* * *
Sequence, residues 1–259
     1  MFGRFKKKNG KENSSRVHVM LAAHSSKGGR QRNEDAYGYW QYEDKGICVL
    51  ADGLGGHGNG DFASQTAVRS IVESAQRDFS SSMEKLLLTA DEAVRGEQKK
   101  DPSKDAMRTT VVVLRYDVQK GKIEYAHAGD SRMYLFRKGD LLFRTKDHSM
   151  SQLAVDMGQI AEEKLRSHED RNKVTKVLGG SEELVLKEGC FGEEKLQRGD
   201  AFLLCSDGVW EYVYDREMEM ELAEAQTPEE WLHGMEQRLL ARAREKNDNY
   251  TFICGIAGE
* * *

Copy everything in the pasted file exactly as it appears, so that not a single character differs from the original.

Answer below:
Sequence, residues 1–259
     1  MFGRFKKKNG KENSSRVHVM LAAHSSKGGR QRNEDAYGYW QYEDKGICVL
    51  ADGLGGHGNG DFASQTAVRS IVESAQRDFS SSMEKLLLTA DEAVRGEQKK
   101  DPSKDAMRTT VVVLRYDVQK GKIEYAHAGD SRMYLFRKGD LLFRTKDHSM
   151  SQLAVDMGQI AEEKLRSHED RNKVTKVLGG SEELVLKEGC FGEEKLQRGD
   201  AFLLCSDGVW EYVYDREMEM ELAEAQTPEE WLHGMEQRLL ARAREKNDNY
   251  TFICGIAGE